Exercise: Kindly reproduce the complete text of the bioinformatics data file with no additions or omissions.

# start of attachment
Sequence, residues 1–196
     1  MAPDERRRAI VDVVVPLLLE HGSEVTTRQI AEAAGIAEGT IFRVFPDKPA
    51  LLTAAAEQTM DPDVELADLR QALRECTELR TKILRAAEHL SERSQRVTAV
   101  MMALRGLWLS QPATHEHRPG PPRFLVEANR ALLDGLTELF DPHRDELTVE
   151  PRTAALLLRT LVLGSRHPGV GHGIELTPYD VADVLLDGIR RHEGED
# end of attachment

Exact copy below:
Sequence, residues 1–196
     1  MAPDERRRAI VDVVVPLLLE HGSEVTTRQI AEAAGIAEGT IFRVFPDKPA
    51  LLTAAAEQTM DPDVELADLR QALRECTELR TKILRAAEHL SERSQRVTAV
   101  MMALRGLWLS QPATHEHRPG PPRFLVEANR ALLDGLTELF DPHRDELTVE
   151  PRTAALLLRT LVLGSRHPGV GHGIELTPYD VADVLLDGIR RHEGED